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KWO 2011 - 2012 Two Year Update

KWO is pleased to provide our 2011/12-update report including programs currently running in the community, challenges and successes, financial reports, KWO special activities and a Call to Action. One thing that remains true throughout KWO’s 28 years of service is our commitment to the Empowerment, Equality, and Freedom of all Karen women. Thank you to KWO staff, leaders, members, volunteers, community members, partner organizations and funders who help make KWO successful! The past two years have brought many changes to the peace process and the political situation in Burma. KWO has been deeply involved in observing and advocating around the new peace process and discussions of planning for the possibility of refugees returning to Burma. It is KWO’s aim to increase the number of women actively involved in the peace process. In order for KWO to advance peace in Burma, we made the decision to end some of our smaller projects to “make more space for peace.” At the same time we are standardizing and expanding our projects in Karen State such as Nursery Schools and Capacity Building and hoping to ensure a balance between services and skills. This is a time of incredible effort by all KWO members and leaders. KWO continues to support our community in a meaningful way, but we have added a focus on peace and related issues to our mission of Empowerment, Equality, and Freedom for the Karen community. Warm Regards, Naw K’nyaw Paw KWO Secretary

"Women’s participation in any peace process, from consultation, to negotiation, to information sharing, is crucial to achieve a just and sustainable peace. Even the UN recognizes this in the UNSCR 1325, which requires women to be included at all stages as peace builders. Moreover Karen women are peace makers at home, and in every corner of the community. We are leaders in times of conflict for our people. So it will certainly be easier for us to share this responsibility in times of peace.” - Naw K’nyaw Paw, KWO Secretary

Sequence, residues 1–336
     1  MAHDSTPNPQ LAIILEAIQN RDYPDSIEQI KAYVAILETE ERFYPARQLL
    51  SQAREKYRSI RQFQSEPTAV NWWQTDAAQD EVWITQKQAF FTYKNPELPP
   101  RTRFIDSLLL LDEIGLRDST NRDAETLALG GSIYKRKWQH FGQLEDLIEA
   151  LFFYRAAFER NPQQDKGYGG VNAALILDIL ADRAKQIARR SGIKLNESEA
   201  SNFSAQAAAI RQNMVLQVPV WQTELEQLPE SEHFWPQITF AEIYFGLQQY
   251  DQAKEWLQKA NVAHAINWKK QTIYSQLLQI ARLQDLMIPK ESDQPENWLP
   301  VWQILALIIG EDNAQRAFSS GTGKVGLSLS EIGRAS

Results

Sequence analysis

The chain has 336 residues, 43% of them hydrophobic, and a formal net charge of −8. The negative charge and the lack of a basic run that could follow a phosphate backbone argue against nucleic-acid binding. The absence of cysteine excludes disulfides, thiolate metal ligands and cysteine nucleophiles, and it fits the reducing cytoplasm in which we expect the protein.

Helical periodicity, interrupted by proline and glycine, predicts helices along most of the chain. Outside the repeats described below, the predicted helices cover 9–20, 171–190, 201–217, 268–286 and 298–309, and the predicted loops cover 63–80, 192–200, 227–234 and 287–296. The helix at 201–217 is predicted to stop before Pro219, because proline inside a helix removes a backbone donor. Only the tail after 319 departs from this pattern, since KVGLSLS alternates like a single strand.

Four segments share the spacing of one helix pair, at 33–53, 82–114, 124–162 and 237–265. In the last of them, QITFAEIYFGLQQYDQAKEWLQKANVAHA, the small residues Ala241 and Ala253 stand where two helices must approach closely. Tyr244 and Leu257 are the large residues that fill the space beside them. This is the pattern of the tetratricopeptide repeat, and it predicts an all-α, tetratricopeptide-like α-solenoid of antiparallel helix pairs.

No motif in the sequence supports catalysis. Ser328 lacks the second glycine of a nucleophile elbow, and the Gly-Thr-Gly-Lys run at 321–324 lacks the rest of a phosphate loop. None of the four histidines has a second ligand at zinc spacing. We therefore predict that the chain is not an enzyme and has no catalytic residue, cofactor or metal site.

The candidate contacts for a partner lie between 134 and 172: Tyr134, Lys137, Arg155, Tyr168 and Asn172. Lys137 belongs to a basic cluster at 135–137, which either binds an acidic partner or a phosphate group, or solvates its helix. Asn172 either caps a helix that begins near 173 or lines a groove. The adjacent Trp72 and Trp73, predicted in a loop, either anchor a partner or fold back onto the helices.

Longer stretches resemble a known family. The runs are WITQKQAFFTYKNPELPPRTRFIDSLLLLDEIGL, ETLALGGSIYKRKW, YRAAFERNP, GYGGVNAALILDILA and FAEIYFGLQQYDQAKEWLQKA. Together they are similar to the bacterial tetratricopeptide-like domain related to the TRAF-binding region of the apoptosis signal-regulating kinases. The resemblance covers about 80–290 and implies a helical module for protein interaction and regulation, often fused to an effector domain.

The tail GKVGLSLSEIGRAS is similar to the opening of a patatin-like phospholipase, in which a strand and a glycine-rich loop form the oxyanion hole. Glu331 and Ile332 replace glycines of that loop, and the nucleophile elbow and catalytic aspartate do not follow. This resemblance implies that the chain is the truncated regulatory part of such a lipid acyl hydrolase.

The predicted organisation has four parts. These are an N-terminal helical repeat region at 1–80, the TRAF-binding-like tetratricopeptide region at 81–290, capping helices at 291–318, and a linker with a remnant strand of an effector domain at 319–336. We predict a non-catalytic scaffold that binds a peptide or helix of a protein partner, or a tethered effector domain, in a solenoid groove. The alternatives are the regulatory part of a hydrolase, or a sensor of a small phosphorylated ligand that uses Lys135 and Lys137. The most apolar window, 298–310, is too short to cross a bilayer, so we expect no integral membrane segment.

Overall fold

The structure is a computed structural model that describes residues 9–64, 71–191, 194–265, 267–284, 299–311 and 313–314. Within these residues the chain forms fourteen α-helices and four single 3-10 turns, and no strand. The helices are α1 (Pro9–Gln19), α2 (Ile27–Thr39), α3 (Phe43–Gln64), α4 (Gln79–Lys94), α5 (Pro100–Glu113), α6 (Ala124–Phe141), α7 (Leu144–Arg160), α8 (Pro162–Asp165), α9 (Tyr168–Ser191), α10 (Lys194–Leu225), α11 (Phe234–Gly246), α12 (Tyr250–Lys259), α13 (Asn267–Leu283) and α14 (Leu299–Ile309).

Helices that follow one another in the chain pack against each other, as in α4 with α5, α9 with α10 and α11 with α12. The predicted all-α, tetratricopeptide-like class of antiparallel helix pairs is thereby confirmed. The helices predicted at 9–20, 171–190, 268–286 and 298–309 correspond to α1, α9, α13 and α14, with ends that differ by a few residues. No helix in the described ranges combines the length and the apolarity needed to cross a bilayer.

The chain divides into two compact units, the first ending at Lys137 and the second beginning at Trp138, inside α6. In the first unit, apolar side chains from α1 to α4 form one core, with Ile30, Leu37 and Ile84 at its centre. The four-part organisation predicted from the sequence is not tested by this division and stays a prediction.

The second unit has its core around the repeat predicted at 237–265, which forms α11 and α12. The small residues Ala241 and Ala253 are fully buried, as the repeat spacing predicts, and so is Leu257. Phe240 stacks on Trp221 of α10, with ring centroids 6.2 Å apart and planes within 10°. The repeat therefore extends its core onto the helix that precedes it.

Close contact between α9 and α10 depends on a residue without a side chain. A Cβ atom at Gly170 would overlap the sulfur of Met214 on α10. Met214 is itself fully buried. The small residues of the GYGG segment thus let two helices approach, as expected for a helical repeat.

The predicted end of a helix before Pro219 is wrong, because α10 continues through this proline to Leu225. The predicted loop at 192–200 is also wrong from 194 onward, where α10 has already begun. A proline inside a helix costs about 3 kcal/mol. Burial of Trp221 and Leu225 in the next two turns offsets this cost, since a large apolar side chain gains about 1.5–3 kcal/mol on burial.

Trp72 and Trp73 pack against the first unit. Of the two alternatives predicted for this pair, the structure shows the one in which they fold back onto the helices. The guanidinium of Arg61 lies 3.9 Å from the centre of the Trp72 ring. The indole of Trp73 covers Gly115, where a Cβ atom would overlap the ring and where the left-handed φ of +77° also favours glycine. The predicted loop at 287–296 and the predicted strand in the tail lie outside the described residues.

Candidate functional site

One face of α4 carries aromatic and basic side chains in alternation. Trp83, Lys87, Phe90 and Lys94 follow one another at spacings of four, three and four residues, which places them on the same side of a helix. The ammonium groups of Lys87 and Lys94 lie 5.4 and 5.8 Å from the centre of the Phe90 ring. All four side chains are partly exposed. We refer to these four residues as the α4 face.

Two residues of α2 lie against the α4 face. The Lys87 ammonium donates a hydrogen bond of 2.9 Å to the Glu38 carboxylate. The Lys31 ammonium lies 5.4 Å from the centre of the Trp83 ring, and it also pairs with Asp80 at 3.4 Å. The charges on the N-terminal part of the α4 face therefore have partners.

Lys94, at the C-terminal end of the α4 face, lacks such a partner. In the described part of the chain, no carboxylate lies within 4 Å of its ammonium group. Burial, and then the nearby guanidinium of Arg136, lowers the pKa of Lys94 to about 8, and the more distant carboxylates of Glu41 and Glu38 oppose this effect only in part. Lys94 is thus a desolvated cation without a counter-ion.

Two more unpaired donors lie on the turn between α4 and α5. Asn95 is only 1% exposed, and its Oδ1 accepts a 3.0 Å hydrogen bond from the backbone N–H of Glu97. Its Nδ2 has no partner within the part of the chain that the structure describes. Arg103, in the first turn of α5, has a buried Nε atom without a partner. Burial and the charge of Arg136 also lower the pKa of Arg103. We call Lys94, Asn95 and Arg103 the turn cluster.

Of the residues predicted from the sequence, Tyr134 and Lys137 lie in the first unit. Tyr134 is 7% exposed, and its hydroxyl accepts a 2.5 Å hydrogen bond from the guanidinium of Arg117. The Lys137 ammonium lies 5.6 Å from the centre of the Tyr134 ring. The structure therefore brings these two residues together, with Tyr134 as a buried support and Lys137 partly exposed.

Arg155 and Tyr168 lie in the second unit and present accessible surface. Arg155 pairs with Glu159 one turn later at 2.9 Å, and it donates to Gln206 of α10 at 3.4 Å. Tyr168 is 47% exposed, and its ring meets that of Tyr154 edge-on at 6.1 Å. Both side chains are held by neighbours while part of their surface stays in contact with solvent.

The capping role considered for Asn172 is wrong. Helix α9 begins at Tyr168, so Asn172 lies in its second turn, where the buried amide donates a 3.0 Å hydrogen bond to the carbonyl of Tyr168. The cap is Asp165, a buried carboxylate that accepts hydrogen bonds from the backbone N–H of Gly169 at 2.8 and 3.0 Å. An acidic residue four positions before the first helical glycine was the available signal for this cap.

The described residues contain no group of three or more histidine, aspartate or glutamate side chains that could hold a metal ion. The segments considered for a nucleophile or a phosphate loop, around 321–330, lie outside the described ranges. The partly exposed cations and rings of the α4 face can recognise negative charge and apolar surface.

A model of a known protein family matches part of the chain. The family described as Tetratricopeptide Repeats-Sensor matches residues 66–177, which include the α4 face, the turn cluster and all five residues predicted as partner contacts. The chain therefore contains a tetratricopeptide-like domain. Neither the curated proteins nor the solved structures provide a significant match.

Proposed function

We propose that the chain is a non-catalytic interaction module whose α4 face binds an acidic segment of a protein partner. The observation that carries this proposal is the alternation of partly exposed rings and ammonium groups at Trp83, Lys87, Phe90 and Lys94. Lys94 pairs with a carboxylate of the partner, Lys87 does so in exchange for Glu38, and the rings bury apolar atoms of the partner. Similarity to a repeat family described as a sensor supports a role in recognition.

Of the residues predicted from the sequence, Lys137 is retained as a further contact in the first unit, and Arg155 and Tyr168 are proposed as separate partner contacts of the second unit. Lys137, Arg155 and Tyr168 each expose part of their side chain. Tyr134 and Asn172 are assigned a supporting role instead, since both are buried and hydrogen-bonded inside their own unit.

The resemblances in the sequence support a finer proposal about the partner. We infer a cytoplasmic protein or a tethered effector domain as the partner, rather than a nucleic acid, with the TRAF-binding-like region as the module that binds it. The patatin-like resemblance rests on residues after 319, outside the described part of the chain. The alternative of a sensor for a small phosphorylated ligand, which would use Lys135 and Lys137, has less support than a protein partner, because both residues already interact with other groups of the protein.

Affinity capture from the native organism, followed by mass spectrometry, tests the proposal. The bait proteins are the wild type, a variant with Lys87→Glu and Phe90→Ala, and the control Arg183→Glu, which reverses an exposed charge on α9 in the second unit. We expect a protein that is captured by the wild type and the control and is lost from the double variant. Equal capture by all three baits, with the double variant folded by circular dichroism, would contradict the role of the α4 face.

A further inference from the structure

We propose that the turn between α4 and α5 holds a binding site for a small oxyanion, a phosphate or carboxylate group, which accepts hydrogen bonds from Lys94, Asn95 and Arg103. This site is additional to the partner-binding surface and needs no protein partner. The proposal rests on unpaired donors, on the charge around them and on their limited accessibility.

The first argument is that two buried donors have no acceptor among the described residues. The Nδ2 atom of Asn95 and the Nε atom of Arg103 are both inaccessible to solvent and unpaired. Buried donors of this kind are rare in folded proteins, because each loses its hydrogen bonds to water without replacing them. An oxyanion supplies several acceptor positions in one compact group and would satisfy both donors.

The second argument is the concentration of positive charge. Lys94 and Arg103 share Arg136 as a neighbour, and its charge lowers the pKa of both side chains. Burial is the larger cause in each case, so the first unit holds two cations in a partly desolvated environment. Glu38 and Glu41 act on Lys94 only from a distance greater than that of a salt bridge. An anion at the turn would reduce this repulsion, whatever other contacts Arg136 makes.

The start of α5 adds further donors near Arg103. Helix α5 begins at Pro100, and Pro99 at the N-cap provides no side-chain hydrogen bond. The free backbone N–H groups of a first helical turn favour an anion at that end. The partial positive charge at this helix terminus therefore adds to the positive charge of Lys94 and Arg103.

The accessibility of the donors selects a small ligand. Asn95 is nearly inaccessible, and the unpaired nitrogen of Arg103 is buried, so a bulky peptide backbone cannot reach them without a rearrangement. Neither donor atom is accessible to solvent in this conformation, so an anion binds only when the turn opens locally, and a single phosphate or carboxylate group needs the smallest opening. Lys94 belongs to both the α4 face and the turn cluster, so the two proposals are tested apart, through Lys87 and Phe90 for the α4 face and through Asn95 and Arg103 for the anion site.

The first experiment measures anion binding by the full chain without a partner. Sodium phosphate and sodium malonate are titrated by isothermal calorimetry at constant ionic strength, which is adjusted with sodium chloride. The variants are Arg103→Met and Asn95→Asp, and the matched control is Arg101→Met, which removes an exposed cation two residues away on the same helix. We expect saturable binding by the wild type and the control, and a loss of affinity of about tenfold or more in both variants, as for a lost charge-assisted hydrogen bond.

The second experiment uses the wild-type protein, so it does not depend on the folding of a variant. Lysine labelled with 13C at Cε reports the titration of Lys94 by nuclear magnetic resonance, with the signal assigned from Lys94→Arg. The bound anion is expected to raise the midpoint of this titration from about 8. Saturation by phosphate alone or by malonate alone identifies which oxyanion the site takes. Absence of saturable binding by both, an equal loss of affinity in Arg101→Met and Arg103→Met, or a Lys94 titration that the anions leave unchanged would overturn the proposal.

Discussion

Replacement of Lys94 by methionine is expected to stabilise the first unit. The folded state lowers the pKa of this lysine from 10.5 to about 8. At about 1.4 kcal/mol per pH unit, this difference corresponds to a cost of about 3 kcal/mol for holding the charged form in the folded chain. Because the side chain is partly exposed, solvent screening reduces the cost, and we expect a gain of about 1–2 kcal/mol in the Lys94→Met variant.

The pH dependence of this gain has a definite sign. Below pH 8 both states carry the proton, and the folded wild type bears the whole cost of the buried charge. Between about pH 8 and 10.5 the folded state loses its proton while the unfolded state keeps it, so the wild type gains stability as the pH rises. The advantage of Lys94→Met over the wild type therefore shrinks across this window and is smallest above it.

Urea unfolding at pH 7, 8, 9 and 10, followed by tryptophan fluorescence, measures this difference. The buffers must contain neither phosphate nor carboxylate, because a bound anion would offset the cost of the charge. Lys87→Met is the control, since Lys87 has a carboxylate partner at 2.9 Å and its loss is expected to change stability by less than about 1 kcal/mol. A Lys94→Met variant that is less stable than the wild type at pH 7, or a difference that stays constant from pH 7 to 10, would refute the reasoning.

KWO Special Activities
Refugee Return: KWO has been playing an active role in the refugee return preparedness. We have organized a refugee return exchange through our Capacity Building Project to help identify challenges and overcome them. In 2011/12 KWO released a Position Paper on refugee return. KWO works closely with other Karen CBOs to guarantee the voices of refugees are heard. As an advocate for the community KWO will continue to ensure that the voice of refugees is part of every step of any return preparation and process. SGBV Case Management: KWO continues to run 11 Safe Houses in the seven refugee camps to protect and support victims of SGBV. We also provide care and support to many women and girls who have been victims of violence but do not need to stay in a Safe House. In 2011/12 KWO finalized our “SGBV Case Management Manual.” KWO Safe House Project staff distributed the manual to seven camps. In two years KWO Safe House staff, social welfare position holders, CBOs, Camp Committees, and camp security received SGBV Case Management training. Each year about 171 people received training or refresher training. Peace Process: KWO is committed to playing an active role in ensuring women’s involvement in the peace process. In 2011/12 KWO participated in many meetings and events related to the peace process, providing feedback and recommendations; KWO also issued a statement calling for more women to be involved in the peace process. KWO leaders and members work every day to keep the Karen community and culture alive and intact despite the pressures and disruptions we have all suffered. The experience and perspective this gives us is essential to achieving lasting peace and reform. Emergency Assistance: In 2011/12 KWO helped collect donations and provided physical and emotional support for the victims of flooding in Mae Ra Moe camp and U Wei Klo. With many other community groups, KWO responded to the fire in Umphiem with support and donations. It is KWO’s aim to provide emergency assistance to women and the wider community whenever an emergency takes place. KWO is able to utilize our wide network of support, organizations and funders to provide assistance when it is most needed.

KWO Resource Centers KWO Resource Centers provide support for all KWO programs and activities, through communication, project coordination, networking, and advocacy. Highlights of KWO’s Resource Center activities for 2011/12 included: Issuing a statement calling for greater involvement of women in the peace process. As a result, KWO gained increased women’s participation in the peace process. Sending representatives to regional and international meetings on peace, refugee return, and other issues affecting Karen communities. KWO launched a new and improved website in February 2012. “Finding funding for KWO Resource Centers is very difficult. KWO does not receive all of the funds we need and we have to manage the Resource Centers with limited resources. Resource Centers are the backbone of KWO’s work inside Karen State and the refugee camps.” — Naw Ta Mla Saw, KWO Joint Secretary I